NEWSMAKER: KOFI ANNAN
March 4 1998
The spotlight has been on U.N. Secretary-General Kofi Annan ever since his last minute trip to Iraq resulted in a deal with Iraqi president Saddam Hussein that averted a military strike. He talks to Margaret Warner about his role in the crisis, details of the deal, and his hopes for the future of the United Nations.
MARGARET WARNER: Welcome, Mr. Annan.
A RealAudio version of this segment is available.
NEWSHOUR LINKS: KOFI ANNAN
December 16, 1996
A Newsmaker interview with Kofi Annan after being elected secretary general.
December 16, 1996
Undersecretary-General Kofi Annan's record in the U.N.
NEWSHOUR LINKS: IRAQ CRISIS
March 2, 1998
An interview Iraq's Ambassador to the U.N. Nizar Hamdoon.
February 27, 1998
Congressional views of the U.N. deal with Iraq.
February 26, 1998
Debating the role of the United Nations.
February 25, 1998
Could the U.N.-brokered deal hamper weapons inspections in Iraq?
February 24, 1998
James Baker and William Perry discuss the deal's impact on U.S. foreign policy.
February 23, 1998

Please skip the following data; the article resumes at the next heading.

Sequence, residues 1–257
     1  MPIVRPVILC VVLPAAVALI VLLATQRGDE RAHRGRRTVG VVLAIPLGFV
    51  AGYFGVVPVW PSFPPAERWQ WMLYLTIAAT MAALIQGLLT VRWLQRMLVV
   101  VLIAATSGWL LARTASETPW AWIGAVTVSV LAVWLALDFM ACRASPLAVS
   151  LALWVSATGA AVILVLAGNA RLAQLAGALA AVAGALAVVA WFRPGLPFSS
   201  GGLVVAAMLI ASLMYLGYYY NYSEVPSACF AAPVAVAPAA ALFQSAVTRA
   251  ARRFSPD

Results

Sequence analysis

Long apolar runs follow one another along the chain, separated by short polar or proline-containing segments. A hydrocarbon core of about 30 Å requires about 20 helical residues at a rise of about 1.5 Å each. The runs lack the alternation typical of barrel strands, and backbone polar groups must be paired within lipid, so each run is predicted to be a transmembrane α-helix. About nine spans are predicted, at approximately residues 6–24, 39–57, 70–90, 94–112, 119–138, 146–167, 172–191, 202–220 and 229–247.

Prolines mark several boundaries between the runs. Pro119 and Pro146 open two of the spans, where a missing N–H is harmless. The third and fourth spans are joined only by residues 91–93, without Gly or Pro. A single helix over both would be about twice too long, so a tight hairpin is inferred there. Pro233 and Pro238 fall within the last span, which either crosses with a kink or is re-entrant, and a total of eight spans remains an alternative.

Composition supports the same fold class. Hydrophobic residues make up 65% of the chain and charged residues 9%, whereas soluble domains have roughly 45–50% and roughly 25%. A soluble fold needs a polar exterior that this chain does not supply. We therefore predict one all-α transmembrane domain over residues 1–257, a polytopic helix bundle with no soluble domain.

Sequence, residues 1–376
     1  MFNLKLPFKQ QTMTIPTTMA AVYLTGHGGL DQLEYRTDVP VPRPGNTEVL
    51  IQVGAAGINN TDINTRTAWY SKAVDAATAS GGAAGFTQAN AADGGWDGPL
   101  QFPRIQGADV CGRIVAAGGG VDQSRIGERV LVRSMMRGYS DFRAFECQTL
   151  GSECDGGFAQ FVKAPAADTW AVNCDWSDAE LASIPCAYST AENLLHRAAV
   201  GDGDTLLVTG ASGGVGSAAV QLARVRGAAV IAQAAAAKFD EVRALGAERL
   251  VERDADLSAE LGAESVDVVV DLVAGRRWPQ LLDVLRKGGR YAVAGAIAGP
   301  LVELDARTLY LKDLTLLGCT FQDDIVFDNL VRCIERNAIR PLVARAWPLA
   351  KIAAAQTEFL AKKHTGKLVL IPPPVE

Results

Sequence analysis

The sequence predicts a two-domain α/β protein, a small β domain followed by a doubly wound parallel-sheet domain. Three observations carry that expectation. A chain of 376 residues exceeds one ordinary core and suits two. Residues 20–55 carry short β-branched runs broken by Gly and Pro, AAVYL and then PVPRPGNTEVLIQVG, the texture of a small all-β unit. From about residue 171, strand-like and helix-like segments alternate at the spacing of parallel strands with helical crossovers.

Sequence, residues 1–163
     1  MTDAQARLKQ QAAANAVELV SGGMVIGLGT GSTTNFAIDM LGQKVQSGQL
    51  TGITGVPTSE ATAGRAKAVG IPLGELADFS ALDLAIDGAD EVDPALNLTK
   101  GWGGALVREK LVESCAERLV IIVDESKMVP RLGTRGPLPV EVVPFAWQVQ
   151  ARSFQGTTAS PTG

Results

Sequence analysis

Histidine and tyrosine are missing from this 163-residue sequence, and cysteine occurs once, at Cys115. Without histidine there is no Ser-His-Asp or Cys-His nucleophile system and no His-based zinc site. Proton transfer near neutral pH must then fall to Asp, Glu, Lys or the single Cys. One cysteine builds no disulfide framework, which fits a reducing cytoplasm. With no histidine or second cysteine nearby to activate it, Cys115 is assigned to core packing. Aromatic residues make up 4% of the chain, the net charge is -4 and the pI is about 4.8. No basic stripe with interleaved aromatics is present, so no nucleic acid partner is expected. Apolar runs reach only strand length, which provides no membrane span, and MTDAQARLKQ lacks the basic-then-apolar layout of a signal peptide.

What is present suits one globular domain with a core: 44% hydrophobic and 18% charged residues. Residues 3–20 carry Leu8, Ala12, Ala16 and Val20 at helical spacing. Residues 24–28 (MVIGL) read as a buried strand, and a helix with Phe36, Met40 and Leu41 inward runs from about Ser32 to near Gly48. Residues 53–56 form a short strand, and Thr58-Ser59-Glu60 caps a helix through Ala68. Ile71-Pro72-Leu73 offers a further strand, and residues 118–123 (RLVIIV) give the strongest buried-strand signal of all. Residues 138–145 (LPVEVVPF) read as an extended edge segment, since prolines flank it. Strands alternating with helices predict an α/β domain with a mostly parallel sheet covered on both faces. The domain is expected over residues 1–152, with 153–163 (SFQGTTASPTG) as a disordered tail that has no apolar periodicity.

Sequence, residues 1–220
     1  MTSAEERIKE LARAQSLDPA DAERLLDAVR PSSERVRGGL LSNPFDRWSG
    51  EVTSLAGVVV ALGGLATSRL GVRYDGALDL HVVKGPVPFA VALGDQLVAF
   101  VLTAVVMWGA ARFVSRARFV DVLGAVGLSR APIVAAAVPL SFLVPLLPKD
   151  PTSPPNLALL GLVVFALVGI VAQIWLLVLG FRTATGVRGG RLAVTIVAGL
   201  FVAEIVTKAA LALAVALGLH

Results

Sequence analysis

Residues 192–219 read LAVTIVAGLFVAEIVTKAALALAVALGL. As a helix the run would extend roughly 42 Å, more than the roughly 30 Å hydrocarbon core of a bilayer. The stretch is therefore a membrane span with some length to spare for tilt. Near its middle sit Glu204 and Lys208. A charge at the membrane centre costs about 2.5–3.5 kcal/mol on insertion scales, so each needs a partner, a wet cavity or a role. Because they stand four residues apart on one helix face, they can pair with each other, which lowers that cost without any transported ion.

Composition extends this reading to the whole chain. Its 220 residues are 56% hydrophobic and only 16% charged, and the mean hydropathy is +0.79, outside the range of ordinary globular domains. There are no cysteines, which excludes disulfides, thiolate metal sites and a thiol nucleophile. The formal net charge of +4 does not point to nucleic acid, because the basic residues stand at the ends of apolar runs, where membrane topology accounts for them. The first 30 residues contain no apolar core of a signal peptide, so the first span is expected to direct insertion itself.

Secretary Albright discusses the deal.
February 23, 1998
Four policy experts discuss the latest deal with Iraq.
February 23, 1998
A report from Amman on the impact of the deal on Jordan.
February 20, 1998
A panel of experts examine the crisis from the Iraqi perspective.
February 19, 1998
An exploration of public support for the use of force in Iraq as compared to past conflicts.
February 16, 1998
How significant a threat does Saddam Hussein's country really pose?
February 10, 1998
Members of Congress discuss the U.S. government's support of military action against Iraq.
February 4, 1998
Secretary of State Madeleine Albright tries to marshal support for a possible attack on Iraq.
January 14, 1998
Iraq's U.N. Ambassador, Nizar Hamdoon, defends his country's actions.
January 13, 1998
Amb. Butler discusses the latest disagreement with Iraq.